Home / Store / Journals / Electronic Articles / Fusion Science and Technology / Volume 27 / Number 3
Tetsuya Suzuki, Toyohiko Yano, Tsutomu Mori, Hiroyuki Miyazaki, Takayoshi Iseki
Fusion Science and Technology
Volume 27 / Number 3 / May 1995 / Pages 314-325
Format:electronic copy (download)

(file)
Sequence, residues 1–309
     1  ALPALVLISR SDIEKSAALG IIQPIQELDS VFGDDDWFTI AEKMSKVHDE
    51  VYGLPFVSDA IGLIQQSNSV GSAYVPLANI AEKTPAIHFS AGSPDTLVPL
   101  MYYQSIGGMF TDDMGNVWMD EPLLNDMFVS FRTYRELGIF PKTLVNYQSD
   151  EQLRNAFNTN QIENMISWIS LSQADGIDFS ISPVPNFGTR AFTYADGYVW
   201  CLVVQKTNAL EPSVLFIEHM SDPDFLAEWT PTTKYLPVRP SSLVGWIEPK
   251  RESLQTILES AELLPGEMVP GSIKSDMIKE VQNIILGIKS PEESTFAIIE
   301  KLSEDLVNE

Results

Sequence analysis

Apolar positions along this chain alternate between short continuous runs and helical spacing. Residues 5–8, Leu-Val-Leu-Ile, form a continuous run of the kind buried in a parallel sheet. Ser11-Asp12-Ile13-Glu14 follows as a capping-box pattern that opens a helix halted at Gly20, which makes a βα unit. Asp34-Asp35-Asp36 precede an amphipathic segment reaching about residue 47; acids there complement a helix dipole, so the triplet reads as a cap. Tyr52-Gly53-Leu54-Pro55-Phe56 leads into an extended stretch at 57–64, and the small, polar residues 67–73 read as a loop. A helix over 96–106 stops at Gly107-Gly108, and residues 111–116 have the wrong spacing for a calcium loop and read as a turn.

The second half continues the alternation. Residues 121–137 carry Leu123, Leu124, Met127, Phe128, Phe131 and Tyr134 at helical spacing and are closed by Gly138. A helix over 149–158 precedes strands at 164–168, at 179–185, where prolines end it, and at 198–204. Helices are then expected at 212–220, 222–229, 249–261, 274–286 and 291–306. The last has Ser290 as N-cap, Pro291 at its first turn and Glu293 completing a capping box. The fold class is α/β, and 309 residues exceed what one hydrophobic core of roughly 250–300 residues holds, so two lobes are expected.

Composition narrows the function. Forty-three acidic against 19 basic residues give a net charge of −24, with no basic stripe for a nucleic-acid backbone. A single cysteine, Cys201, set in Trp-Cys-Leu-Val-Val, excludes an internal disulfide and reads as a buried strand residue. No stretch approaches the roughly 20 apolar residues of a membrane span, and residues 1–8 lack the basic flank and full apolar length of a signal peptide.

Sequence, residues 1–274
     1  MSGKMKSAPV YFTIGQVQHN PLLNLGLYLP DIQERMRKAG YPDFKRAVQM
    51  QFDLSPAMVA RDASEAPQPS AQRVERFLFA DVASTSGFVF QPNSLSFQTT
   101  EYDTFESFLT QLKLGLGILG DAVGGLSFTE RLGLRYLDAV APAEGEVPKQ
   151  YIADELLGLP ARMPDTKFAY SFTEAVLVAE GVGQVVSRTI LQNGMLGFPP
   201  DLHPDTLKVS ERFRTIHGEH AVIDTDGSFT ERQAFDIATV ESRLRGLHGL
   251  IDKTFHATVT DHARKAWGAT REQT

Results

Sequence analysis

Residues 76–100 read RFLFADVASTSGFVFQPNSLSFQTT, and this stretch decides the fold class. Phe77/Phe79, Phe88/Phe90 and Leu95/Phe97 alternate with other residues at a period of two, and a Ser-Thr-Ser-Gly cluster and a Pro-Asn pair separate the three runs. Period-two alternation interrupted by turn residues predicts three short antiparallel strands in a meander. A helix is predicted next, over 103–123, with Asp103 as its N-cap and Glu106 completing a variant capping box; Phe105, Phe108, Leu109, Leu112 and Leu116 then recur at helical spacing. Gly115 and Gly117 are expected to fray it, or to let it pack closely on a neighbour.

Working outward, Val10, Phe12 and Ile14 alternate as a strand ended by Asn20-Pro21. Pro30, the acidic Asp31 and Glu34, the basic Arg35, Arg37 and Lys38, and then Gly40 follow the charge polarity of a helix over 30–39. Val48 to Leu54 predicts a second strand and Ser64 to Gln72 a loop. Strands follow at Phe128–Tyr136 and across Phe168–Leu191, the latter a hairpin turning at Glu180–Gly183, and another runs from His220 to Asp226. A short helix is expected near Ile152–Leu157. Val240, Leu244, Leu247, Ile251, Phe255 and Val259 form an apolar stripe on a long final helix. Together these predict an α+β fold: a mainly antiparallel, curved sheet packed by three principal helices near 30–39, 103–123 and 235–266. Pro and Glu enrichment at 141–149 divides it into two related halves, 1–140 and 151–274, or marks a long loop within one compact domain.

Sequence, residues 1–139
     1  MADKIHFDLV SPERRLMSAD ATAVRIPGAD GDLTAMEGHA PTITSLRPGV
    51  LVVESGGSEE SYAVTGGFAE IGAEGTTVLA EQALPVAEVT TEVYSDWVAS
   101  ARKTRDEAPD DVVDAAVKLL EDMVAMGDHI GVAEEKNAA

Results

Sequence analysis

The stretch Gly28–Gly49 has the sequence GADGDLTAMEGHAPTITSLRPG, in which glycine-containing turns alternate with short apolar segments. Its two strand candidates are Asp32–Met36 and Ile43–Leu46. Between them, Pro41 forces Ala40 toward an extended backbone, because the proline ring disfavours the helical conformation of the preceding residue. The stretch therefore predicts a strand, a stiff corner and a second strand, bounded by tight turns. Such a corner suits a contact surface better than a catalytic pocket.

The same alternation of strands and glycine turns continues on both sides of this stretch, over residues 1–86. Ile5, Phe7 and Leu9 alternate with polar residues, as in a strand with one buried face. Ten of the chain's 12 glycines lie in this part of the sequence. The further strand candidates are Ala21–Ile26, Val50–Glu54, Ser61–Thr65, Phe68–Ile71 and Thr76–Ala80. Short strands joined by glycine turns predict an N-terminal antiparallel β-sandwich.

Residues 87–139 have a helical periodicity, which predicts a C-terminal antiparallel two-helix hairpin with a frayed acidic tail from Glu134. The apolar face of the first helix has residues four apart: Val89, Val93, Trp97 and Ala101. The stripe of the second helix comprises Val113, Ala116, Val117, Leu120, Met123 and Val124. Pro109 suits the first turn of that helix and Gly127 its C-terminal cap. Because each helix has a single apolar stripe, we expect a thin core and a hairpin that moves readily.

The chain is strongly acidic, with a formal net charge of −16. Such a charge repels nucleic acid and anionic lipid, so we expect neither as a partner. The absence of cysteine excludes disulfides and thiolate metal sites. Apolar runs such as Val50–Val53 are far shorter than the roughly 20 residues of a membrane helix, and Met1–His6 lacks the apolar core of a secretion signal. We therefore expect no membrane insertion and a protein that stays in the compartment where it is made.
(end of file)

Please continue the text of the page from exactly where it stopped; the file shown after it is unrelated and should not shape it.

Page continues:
Neutron irradiation uniformly produces vacancies and interstitials in silcon carbide (SiC) poly crystals, and the specimen swells by 1 to 3%. Subsequent isochronal annealing leads to annihilation of the defects by the interstitial-vacancy recombination from around irradiation temperature, resulting in the shrinkage of the specimen. This shrinkage can be detected by measuring the specimen length with a conventional micrometer and its lattice parameter with an X-ray diffractometer. Furthermore, defect formation and annihilation affect the electrical resistivity and create paramagnetic centers caused by unpaired electrons. Helium atoms can be uniformly introduced into SiC utilizing the nuclear reaction of 10B(n, α)7 Li. By subsequent annealing above ∼1300°C, helium atoms with high vibration energy capture thermal vacancies to reduce the internal pressure and form bubbles at grain boundaries. The formation of helium bubbles accompanies a large volume expansion with increasing temperature, controlled by Greenwood et al.'s mechanism. The presence of helium bubbles at the grain boundaries promotes diffusional creep at lower temperatures (1300°C). Changes in physical properties by neutron irradiation are presented and discussed with respect to microstructures.
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